The following is my first reaction to the following interesting blogpost:
Let me start by saying that I would love to think that this portrait is of the Austen family. However, I have a couple of problems. First, I’ve zoomed in on the portrait image, and I see nothing in the little girl’s left hand, just the five fingers of her open hand grasping toward the bunch of grapes (but as previously noted by someone in this current thread, being restrained by her elder sister). And the little girl’s right hand is on the table, next to something that vaguely resembles an actual horseshoe, but surely is not.
So where is the horseshoe nail supposed to be?
Second, I see nothing on the ground pointing to Edward Austen’s feet in his famous portrait (which I saw myself at Chawton House). I looked at the closeup on his feet, and I don’t see any nail. What am I missing?
As for the symbolism of the bunch of grapes held aloft by the boy, I strongly agree with the symbolic interpretation made by Mr. Roberts, whoever that boy is, the portrait does seem to be an allegorical depiction of his good fortune.
To that interpretation I add the following:
In Numbers, Chapter 13,prior to the entry by the Israelites into Canaan, Moses, as commanded by God, sends spies from every one of the tribes to go into Canaan and check it out in every way, including to see where good food might be found. In verses 23 & 24, we then read:
“And they came unto the brook of Eshcol, and cut down from thence a branch with one cluster of grapes, and they bare it between two upon a staff; and they brought of the pomegranates, and of the figs. The place was called the brook Eshcol, because of the cluster of grapes which the children of Israel cut down from thence.”
So there is in those Biblical verses, as in Herbert’s 16^th century pre-Shakespeare poem, the notion of abundance being discovered. In that same vein we might see Edward Austen as the “spy” sent by Moses, i.e., Revd. Austen, into “Canaan”, i.e., the world of English aristocratic wealth, which for Edward certainly (and eventually and much lessremuneratively, for the Austen women) was a promised land of milk and honey.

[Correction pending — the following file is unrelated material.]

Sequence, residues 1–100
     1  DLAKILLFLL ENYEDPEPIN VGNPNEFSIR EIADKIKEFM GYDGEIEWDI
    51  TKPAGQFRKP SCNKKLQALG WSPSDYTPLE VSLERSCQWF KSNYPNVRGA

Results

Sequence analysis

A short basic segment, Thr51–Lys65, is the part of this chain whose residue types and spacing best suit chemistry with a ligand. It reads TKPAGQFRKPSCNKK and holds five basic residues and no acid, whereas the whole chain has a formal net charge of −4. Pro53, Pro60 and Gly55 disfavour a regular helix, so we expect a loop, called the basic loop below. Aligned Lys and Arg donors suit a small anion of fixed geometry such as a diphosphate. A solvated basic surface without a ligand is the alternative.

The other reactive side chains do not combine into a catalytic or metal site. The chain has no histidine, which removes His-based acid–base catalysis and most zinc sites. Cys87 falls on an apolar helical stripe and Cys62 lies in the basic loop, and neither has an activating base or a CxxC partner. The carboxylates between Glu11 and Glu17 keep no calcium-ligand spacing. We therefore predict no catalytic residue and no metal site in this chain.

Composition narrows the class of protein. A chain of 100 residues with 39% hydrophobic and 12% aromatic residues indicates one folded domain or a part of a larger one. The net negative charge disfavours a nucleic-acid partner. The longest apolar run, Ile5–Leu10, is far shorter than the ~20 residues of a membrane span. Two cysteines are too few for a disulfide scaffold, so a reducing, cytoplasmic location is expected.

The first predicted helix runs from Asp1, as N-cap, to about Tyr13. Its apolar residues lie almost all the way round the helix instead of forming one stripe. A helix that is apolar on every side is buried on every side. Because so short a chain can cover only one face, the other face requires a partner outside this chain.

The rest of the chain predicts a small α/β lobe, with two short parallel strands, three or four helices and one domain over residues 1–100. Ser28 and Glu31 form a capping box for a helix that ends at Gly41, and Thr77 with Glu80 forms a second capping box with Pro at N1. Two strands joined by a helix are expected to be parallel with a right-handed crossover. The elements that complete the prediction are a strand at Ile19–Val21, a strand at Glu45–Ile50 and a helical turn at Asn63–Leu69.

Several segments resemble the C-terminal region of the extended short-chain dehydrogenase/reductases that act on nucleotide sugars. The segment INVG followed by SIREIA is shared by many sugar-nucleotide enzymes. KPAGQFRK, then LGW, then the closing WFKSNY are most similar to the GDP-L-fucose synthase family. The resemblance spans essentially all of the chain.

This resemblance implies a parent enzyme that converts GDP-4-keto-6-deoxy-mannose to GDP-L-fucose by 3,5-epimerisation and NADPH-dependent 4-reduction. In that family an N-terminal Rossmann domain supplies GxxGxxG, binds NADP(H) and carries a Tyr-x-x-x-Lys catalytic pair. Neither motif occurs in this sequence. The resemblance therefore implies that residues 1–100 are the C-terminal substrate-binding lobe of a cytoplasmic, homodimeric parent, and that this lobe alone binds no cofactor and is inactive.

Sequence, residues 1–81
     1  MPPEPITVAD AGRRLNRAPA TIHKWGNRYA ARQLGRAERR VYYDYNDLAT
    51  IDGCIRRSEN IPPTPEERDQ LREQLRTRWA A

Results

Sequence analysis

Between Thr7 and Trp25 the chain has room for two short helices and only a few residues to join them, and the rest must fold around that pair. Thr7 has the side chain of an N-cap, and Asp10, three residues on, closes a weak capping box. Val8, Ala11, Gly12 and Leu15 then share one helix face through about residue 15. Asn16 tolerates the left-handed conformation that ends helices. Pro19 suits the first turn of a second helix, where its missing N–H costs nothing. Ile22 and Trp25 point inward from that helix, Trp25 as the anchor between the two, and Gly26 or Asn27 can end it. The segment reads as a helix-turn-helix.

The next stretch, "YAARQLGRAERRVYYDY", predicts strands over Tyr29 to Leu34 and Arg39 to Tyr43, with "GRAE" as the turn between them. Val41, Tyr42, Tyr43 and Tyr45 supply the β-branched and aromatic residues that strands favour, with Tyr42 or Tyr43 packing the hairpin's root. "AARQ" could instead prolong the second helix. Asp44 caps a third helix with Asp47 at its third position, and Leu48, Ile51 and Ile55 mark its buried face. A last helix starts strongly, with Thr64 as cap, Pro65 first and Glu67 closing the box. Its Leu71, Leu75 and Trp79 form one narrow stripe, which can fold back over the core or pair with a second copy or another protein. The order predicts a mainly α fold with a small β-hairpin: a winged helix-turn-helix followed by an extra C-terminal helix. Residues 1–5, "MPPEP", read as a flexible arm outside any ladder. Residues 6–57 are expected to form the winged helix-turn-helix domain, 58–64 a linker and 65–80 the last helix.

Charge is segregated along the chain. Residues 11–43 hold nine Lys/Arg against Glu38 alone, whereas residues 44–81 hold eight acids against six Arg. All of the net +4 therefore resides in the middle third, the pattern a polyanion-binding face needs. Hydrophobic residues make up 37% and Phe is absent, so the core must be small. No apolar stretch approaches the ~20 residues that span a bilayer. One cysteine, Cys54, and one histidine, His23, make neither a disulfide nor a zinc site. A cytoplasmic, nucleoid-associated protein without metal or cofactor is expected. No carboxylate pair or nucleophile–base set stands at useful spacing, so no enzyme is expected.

Of course, I think that JA saw Edward as a grown man as a Pharoah, and herself as one of the enslaved Israelites, but that is another story.
P.S.: And I am sure it is just a very curious coincidence that in the completion of Sanditon by “Another lady”, we find the following passage right after JA’s fragment ends:
“[Charlotte, the heroine] moved her eyes to Clara [Brereton, the mysterious Jane Fairfaxian character] and saw that, with an air of indifference towards Sir Edward [Denham, the Frank Churchillian character], she was entertaining little Mary and helping her to a bunch of /grapes/. Charlotte had observed this studied lack of interest in Sir Edward….”
P.P.S:And for the heck of it, I mention also that The Bunch of Grapes is the name of Mistress Overdone’s brothel in Measure for Measure, which is the subject of conversation in the drolly comic scene in which a complaint is made to the local magistrate against a man named Froth by a goofy guy named Elbow, alleging that Froth had committed some sort of assault against the very pregnant Mrs. Elbow, in a fracas arising out of a dispute over some stewed prunes. Does this suggest that the painting also carries _that_ allegorical significance, e.g., raising a question as to the boy's legitimacy? That is another question entirely.
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